Business Central Universal Code initiative: are you really so surprised?
Microsoft has officially presented the Business Central Universal Code initiative. For more details about this initiative, I suggest reading my post on Simplanova’s blog.
In summary, with this new offering, selling what is called “non-universal code” (alias extensions not targeted to work online) to new Business Central on-premise customers might require to license two additional modules from 2022 onwards (names of these modules are subject to change):
- Module “Implemented code is not in extensions”: if implemented partner code includes base application modifications, this module must be licensed.
- Module “Implemented code is not cloud-optimized”: if the implemented extensions have target = OnPrem, this module must be licensed.
The non-universal code fees have a per full user (Premium or Essential) price with a per-year fee starting from 2023.
The announced timeline is the following:
During the presentation, I saw lots of partners raising questions (good!) and also raising their level of concerns. What personally is a surprise for me is seeing so many partners in that call that also in 2022 are selling extensions targeted to on-premise (target = OnPrem in app.json).
When I wrote my first book about AL programming (published in August 2018, so more than 3 years ago) one of the recommendations on that book was to always write extensions that target the cloud environment and never modify Microsoft’s base application. In all my training about AL, I never show how to modify the base application, simply because it should not be done.
So, the question is: why partners are worried about this initiative? Do you really have so many extensions that are not SaaS-compliant? If the answer is yes, have you checked your solution design carefully?
In my group I have defined a rule 3 years ago: if an extension cannot be published on SaaS, it never exists also for an on-premise customer. This rule should be strictly applied by everyone I think.
Microsoft is talking only about fees to pay and modules to license if you’re not SaaS-compliant, but honestly, I’m in favor of a more drastic choice: starting from year X, the target parameter in app.json must be cloud-only or your app cannot be installed in new Business Central releases. We need to have one codebase for every platform!
Saying that (these are obviously my personal opinions, I know that many of you disagree), why partners have problems creating Saas-compliant extensions for their on-premise customers?
We’ve done quick research on the partner’s ecosystem in the last months, and there seem to be the main obstacles:
After seeing these results, my first thought was: there is a lack of knowledge about the cloud world! And I suggest you think about this. Traditionally, partners that work in the Dynamics ERP field (Navision, Dynamics NAV) have lots of great consultants and great ERP developers. But now, in the Business Central era, you absolutely need to start thinking also out of the ERP box and you also need to acquire other skills.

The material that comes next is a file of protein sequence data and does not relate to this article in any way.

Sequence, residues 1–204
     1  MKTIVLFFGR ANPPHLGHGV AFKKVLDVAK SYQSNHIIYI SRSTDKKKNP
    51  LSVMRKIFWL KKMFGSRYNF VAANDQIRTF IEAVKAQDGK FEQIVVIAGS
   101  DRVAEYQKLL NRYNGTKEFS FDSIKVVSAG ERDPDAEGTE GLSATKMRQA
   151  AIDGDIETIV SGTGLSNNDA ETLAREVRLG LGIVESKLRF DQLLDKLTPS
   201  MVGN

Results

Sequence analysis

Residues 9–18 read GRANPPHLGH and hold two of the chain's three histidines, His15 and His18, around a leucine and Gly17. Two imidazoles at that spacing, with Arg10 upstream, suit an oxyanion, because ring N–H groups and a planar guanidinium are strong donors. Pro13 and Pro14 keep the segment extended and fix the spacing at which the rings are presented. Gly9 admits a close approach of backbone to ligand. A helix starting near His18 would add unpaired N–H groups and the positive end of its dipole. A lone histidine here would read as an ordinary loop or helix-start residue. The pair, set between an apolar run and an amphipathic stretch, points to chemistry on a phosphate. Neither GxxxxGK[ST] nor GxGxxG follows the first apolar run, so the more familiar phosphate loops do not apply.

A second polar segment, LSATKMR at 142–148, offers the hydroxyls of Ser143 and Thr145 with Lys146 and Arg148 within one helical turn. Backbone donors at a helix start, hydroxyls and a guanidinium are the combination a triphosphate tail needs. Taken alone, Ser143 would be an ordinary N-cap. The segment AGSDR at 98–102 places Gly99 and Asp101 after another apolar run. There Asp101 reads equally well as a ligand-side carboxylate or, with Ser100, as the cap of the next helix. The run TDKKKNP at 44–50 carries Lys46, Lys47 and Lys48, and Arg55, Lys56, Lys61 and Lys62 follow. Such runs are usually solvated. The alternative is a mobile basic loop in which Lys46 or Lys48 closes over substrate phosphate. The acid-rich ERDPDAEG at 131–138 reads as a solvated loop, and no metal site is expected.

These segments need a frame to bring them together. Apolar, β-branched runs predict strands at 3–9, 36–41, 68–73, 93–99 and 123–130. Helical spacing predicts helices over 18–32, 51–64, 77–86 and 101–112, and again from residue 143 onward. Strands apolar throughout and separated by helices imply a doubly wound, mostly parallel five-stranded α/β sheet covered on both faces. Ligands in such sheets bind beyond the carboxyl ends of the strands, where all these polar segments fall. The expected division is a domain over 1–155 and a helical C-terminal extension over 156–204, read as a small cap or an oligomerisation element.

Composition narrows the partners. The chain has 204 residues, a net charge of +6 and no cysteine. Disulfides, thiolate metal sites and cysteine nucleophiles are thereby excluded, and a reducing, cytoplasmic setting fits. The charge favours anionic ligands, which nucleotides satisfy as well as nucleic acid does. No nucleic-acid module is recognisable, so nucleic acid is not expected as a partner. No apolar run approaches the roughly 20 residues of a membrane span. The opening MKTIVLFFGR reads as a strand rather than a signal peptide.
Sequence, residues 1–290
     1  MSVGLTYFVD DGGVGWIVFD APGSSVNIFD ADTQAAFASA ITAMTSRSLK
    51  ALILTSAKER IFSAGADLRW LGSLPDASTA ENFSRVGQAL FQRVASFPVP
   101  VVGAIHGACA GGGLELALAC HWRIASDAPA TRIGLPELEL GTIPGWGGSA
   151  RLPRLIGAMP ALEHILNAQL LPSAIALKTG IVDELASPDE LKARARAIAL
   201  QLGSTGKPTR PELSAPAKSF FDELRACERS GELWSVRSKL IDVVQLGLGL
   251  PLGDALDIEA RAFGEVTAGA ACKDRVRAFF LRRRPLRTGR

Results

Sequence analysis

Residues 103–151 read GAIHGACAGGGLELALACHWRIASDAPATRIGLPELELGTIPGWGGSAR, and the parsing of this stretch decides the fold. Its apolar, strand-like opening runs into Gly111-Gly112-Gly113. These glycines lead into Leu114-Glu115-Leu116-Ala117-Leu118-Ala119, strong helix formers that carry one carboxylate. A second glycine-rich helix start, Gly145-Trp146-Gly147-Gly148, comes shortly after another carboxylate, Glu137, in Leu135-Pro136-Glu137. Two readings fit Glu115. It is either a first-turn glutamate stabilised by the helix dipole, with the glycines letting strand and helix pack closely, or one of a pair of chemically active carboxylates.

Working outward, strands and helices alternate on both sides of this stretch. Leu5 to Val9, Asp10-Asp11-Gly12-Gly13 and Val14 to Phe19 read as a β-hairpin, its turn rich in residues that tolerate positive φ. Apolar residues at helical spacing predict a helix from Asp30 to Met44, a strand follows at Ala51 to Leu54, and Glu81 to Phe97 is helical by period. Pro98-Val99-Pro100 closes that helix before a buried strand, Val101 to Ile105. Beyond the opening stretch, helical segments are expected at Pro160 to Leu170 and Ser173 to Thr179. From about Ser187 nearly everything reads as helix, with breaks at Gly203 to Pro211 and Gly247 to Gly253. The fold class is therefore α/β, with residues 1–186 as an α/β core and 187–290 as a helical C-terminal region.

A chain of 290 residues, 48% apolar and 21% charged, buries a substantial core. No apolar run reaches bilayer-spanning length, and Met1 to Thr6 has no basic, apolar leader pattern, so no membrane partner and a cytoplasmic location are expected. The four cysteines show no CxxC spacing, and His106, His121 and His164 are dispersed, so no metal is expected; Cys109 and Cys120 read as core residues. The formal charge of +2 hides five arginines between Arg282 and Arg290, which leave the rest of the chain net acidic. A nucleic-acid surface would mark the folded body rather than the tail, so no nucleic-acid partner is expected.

Fully embracing the cloud is not equal to starting using Business Central online with some AL extensions. You’re not creating a really strong cloud-based solution if your ERP does everything inside the box (http calls, scheduled tasks for integrations, Power Automate for automating some processes).
If you want to really embrace the cloud, you need to start thinking about your ERP not as a single solution, but as a piece of a more complex solution that spans between different cloud services.
Just to give some more practical examples: I cannot consider a great cloud-based Business Central solution a solution that:
- has all non-business processes coded in AL
- Files are stored inside the ERP
- integrations are done via AL, xmlports, http calls from AL
- Job scheduler is full of integration tasks
- Power Automate is the only orchestration engine for workflows
A modern cloud-based Business Central solution should have:
- AL extensions for handling business processes
- Files stored in the cloud (Azure Storage for example)
- Complex integrations are done externally with serverless services like Azure Functions, Logic Apps, or Web Jobs.
- Business Central Job scheduler should have only tasks that pertain to the ERP. For integrations, create scheduled tasks externally.
- Serverless workflows are a key part of a cloud-based architecture. Start using them. But remember that Power Automate is not the solution for complex tasks or for integration tasks. You should rely on it only for user-centric tasks.
Then, there’s another crucial point: COST! Lots of partners are worried about cloud costs. Are there cloud costs? YES! Does cloud costs so high? It depends!
What does that mean “it depends”? It depends on the cloud solution you’re using and on the cloud architecture that you’ve used. Storing a file can have different costs accordingly to the service used. Using a cloud database can have different costs accordingly to the tier used. A workflow can have different costs (and performances) accordingly to the technology used and connectors used.
Costs of these things are not high, we need to say that, but having a good and skilled cloud architect could help a lot.
So… why this post? Because I’m thinking… and I’m thinking if the Business Central partner’s community really needs to know always only AL stuffs or if they really need to know more Azure stuff in general.
There are not too many obstacles to removing Target = OnPrem for your extensions. Obviously, you need to rethink some things, but that’s possible… just start using cloud services also if you’re working with Business Central on-premise.
The original post can be found here.